The Dutch Report (thanks to all who sent this in) discusses a report on the murder of Theo van Gogh from the Norwegian Defence Research Establishment, “The Slaying of the Dutch Filmmaker”:
The analysis (…..) indicates that the slaying of Theo Van Gogh should be considered a terrorist attack, not by a lone fanatic, but by a member of an al-Qaida inspired Sunni Islamist ad-hoc terrorist network. For example, the modus operandi of the attack was typical of al-Qaida and its associated groups waging global jihad against the US and its allies around the world. The radical Islamist milieu the killer belonged to, the Hofstad Network, was involved in the same type of activities and “organized” itself in the same way as other al-Qaida associated or inspired terrorist networks that have been detected in Western Europe recent years. In addition, the social profiles of Bouyeri, and other members of the Hofstad Network, resemble those of incarcerated militant Islamists who have been planning attacks in European countries.
Contextual analysis of the operation in Amsterdam indicates potential motivations related to multiple contexts that could be considered relevant for Muslim immigrants to Holland, such as Dutch immigration policy and counter-terrorism efforts, the “global war on terrorism” and the invasion of Iraq, as well as increased conflict-levels in areas of political grievance and symbolic value to Islamists and Muslims in general, such as in Palestine, Chechnya and Kashmir. In addition the Van Gogh case suggests that statements by high-profile persons that are exposed in the media might be interpreted as “insults against Islam”, and thus serve as partial motivation for terrorism, or at least affect the target selection of the Islamist militants, who have chosen terrorism as a strategy in the battle against the US and its allies. The murder of the filmmaker also showed the effectiveness of an assassination of a public figure in spreading fear and escalating the levels of conflict between the Dutch and immigrants to Holland, adding to a growing xenophobia, which in turn might lead to increased problems of integration, and make alienated young Muslim immigrants receptive of al-Qaida’s vision of global jihad.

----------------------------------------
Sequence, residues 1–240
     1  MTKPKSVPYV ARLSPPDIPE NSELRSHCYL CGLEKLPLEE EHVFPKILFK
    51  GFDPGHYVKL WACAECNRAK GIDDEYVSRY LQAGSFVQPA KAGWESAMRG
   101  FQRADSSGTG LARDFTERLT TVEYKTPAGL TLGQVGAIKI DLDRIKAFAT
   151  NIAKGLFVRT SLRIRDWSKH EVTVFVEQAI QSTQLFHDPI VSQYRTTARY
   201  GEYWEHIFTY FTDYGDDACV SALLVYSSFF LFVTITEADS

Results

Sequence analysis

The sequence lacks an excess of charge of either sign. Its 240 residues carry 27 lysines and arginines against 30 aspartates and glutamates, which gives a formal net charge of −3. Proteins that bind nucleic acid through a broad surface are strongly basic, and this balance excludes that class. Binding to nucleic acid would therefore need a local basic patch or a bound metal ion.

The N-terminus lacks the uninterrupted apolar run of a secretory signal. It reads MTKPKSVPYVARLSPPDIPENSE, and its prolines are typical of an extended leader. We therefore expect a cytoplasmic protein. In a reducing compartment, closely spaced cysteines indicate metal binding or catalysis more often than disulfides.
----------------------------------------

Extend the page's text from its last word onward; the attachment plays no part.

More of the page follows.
From a counter terrorism perspective, the concept of complex motivations, or multiple social, political and religious motivations (related to different contexts), implies that the police and intelligence services working to prevent terrorist attacks should pay careful attention to political developments beyond the geographical area they police, and be aware that Islamist terrorism might occur as a response by developments in other countries, or faraway areas of the world.
The full report is available as a pdf here.